Congratulations to Jim Rice, Rickey Henderson and the family of the late Joe Gordon. As you are all inducted today into Cooperstown I hope you enjoy every minute of the experience, and have a chance to reflect on your career achievements in the game we love so much.
My induction was a dream come true. During my 20 years managing the Dodgers I never once thought of being inducted until Peter O’Malley brought it up in conversation during my retirement. Of course I still didn’t believe him until spring training of 1997 when I got a call from Ted Williams. He said, “I thought I was the only guy in Cooperstown who loved you but it turns out everybody loves you.”
When I was a kid I used to actually dream of playing in Yankee Stadium. I could picture all the Yankee greats playing the field behind me. And then all of a sudden my mother would be shaking me telling me it’s time to go to school. The dream was so real. Why didn’t she let me stay asleep? Standing at the podium in Cooperstown making my induction speech I felt like it wouldn’t be long before my mother would be shaking me and telling me it’s time to go to school.
Last Saturday I had the honor of being named Godfather to Jack MacCord. I have been asked to be Godfather to many children, and it is always an honor and privilege to be asked, and to have the opportunity to have a positive impact on the youngster’s life.
The church was beautiful, and everybody was happy to witness young Jack becoming a member of the Christian community.
The Father said a few words and I had to break in and ask him a question that has been on my mind for a long time.
I told Father that I had been raised a Catholic and have attended Catholic church over my 82-year life, but that there was one question I never found an answer for.
“Father,” I said, “Why didn’t the Corinthians ever write back?”
In 1968, the Dodgers had what many people considered one of the best draft classes ever. We had players like Tom Paciorek, Steve Garvey, Bobby Valentine, Billy Buckner and Sandy Vance come into our organization. It was very important to teach these youngsters the Dodger way of playing baseball from the minute they set foot on the field.
That year also marked my fourth year as a minor league manager, and third in Ogden. I was very excited to get these young ballplayers, these future Dodgers in and show them what it would take to make it to the big leagues, what they would have to do to get their mail at Dodger Stadium.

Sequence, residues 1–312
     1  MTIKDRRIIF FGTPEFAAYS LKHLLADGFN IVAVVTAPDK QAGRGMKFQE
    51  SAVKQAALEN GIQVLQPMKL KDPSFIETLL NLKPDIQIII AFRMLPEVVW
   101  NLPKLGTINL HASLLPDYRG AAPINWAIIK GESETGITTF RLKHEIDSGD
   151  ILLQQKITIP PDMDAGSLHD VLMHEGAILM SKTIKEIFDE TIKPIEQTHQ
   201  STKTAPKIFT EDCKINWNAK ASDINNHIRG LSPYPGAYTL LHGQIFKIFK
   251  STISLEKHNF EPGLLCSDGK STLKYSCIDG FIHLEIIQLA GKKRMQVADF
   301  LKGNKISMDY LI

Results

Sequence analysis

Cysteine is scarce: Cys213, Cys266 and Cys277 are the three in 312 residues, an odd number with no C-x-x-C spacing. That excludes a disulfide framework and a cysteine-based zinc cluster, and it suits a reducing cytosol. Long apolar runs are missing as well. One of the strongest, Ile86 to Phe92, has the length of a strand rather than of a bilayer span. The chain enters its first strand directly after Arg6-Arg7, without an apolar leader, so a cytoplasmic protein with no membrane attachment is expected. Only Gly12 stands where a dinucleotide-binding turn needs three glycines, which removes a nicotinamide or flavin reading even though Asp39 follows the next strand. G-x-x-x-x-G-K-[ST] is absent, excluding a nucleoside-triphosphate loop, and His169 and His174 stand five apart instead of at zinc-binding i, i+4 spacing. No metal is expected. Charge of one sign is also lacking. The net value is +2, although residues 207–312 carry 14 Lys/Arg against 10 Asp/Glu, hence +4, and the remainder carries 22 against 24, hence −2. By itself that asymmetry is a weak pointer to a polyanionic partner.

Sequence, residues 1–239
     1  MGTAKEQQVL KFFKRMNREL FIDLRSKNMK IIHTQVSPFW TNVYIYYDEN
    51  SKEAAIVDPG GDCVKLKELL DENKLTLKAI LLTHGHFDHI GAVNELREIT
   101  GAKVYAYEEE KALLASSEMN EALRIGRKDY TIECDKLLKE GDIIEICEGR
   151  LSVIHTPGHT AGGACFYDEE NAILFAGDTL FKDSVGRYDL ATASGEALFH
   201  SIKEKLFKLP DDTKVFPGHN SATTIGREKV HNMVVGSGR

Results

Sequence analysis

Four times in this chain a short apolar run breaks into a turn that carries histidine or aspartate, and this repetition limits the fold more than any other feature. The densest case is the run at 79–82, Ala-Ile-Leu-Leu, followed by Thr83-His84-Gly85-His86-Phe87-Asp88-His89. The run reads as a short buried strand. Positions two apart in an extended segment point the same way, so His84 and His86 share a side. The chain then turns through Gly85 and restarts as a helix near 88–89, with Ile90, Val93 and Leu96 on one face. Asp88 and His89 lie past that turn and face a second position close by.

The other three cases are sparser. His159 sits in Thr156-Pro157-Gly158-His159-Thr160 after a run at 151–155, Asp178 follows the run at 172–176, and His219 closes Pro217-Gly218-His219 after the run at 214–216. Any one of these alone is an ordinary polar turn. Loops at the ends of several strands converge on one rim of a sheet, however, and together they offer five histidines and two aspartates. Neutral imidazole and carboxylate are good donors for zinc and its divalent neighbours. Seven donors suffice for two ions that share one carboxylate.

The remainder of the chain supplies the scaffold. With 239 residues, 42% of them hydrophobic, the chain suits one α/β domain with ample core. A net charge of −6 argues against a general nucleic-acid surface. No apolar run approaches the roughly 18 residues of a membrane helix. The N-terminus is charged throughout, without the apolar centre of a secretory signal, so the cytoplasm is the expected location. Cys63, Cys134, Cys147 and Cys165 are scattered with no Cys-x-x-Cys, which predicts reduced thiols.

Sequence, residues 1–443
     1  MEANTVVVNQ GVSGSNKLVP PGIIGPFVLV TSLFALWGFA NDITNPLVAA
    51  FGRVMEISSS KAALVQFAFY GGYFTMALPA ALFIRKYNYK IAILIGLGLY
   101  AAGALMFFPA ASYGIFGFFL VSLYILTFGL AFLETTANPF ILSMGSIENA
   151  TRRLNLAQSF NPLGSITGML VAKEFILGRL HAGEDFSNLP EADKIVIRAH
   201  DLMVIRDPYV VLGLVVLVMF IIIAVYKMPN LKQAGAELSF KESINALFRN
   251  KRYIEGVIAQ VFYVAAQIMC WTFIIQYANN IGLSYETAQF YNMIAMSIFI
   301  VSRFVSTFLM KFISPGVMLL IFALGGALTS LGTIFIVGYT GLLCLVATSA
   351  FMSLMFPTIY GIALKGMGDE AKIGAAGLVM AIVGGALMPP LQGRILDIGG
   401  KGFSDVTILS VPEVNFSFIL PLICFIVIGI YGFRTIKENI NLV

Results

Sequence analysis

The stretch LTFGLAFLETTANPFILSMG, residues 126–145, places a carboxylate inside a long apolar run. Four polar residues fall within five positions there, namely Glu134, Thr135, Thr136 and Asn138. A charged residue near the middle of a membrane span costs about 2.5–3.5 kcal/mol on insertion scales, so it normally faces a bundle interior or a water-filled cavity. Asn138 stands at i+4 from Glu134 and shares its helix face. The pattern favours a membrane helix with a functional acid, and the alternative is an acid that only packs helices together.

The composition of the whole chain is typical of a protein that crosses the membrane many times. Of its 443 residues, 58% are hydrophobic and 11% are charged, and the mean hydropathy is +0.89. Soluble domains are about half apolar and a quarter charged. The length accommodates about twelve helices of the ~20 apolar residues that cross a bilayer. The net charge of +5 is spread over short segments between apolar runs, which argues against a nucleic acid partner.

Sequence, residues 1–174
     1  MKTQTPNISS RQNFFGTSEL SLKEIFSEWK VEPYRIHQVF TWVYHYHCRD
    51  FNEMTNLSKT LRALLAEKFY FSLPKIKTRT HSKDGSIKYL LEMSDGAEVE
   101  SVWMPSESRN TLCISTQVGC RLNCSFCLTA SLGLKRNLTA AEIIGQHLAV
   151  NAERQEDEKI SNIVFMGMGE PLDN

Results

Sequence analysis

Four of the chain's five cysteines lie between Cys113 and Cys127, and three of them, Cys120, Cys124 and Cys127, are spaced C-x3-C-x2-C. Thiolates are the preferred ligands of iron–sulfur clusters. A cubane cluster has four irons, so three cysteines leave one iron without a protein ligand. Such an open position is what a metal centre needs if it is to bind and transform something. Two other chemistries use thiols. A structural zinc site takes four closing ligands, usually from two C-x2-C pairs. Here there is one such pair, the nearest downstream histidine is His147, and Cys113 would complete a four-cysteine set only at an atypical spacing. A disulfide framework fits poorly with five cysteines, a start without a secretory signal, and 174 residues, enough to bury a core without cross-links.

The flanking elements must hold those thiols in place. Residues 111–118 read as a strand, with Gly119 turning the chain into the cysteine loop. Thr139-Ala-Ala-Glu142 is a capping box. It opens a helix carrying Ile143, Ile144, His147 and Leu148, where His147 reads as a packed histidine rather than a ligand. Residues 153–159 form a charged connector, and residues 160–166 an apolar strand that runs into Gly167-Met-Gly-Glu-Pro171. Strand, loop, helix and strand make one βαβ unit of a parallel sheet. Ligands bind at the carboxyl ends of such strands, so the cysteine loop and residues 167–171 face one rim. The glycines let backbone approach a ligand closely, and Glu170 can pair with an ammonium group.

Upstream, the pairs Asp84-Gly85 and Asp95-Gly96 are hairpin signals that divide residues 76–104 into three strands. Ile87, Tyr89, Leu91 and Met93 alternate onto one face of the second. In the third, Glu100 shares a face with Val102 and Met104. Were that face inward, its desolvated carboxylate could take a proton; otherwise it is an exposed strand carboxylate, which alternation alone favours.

I have said it before, and will say it again; self confidence is the first step towards success. When I got my hands on these guys that is exactly what I tried to instill. You have to remember that most of these your players were right out of high school and away from home for the first time. Plus, they weren’t the best of the best anymore. This wasn’t high school baseball. They would be playing against their real peers now, so I wanted them to be as mentally tough as they were physically.
One day we were witting by the pool and I told Billy Buckner to come over and get a pen and piece of paper. He wanted to know why, and I told him to just do it. I told him he was going to sit down and write a letter that would go like this:
Dear Wes Parker,
You don’t know me, but my name is Billy Buckner and I play for the Ogden Dodgers. I want you to know that I am going to take your job away from you. Tommy Lasorda is my manager, and he said he is a friend of yours, and that you are a great guy, but that I am going to play first base for the Dodgers.
I had Valentine do the same thing, and I had Garvey do the same thing and so on.
Because I wanted them to believe in themselves.
And you know who took Parker’s job at first base?
Valentine eventually made it to the Dodgers, Garvey eventually made it to the Dodgers, and you know, I’m talking about Rookie League level players who were so determined to succeed that they would stop at nothing.
It was a lot of fun, as we worked our tails off. Through endless hours of hard work and determination we won the Pioneer League in 1968, which marked our third Pioneer League championship in a row.
Billy Buckner hit .344, Garvey hit .338 with 20 home runs, Valentine hit .281 with a .460 slugging percentage.